‘Glamping’ grossing billions: Now is the time for private investors to claim the market
- November 1, 2022: Vol. 9, Number 10

‘Glamping’ grossing billions: Now is the time for private investors to claim the market

by Meredith Garrett

“Glamping” is just as it sounds — luxury meets camping. It’s a melding of upscale spaces and the great outdoors, allowing even those who “don’t and won’t camp” a chance to experience the miraculous beauty of nature without sacrificing the amenities of home. From a travel perspective, the surging demand for unique stays like glamping is exciting. In fact, this summer Airbnb rolled out its biggest update in a decade, adding categories to its search that include unique stays such as glamping, caves, barns, castles and more.

Even more exciting for investors, I consider the risk low and the return potential high.

I’ve seen firsthand both the consumer demand for this type of experience and the money-making potential. The numbers alone are enough to at least consider the luxury camping market. It grossed $2.35 billion in 2021 and is projected to generate $5.41 billion in revenue by 2028, with a growth rate of more than 14 percent. Europe currently holds the most dominant share of the market, but North America is the fastest-growing region at a rate of 16.7 percent.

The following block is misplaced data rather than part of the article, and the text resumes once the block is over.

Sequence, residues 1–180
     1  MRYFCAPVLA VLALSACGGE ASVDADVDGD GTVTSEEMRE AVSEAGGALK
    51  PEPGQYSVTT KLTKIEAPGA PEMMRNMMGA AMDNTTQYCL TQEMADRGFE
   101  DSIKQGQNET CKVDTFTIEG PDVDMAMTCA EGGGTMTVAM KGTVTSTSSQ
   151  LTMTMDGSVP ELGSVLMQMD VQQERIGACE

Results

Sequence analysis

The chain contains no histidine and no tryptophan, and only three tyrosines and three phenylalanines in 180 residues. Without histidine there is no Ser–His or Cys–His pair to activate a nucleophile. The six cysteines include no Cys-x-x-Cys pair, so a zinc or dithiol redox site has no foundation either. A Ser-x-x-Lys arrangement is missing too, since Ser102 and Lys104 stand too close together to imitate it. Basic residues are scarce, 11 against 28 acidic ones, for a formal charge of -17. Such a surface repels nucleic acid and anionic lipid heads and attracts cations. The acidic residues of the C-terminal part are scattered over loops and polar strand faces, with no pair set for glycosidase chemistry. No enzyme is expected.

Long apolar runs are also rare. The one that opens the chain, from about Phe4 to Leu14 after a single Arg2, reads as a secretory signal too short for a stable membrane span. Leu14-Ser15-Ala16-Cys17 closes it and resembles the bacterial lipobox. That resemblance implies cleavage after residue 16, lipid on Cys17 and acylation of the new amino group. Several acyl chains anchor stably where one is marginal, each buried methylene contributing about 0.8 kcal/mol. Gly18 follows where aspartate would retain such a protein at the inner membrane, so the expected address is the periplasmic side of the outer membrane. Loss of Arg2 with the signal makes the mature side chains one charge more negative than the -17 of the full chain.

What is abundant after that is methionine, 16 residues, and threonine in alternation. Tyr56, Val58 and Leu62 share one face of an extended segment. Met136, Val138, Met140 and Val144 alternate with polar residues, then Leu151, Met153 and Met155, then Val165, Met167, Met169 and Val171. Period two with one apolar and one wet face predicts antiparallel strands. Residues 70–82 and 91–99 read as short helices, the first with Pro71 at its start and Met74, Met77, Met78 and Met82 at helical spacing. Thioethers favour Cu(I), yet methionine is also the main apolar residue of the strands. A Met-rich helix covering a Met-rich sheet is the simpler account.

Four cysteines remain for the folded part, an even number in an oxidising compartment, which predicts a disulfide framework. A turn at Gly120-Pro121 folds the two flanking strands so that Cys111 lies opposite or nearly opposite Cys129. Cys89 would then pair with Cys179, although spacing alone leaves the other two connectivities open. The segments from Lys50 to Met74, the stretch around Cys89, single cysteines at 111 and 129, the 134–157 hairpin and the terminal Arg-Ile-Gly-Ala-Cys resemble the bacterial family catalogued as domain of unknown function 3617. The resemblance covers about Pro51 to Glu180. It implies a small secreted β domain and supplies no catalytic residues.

However, there is a clear barrier of entry with this new asset class as banks and municipalities work to figure out how to loan money and create a new housing class for these types of projects. Now is the time for private investors to claim the market.

Before we can break down the investor’s journey into the glamping space, here’s a quick rundown of Stay Minty, the Nashville-based glamping company for which I serve as CEO.

We got our start with several Airbnb properties in Nashville geared toward the bachelor and bachelorette party demographics. We dove head-first into that market after I noticed nearly all of the vacation rental postings for Nashville said “no bach parties welcome here.” This was so bizarre to me. The demographic creating this amazing market in Nashville was being told not to stay here. We did what we do best and we re-invented the vacation rental experience for these groups of men and women looking to celebrate and have an unforgettable experience. The pivot paid off.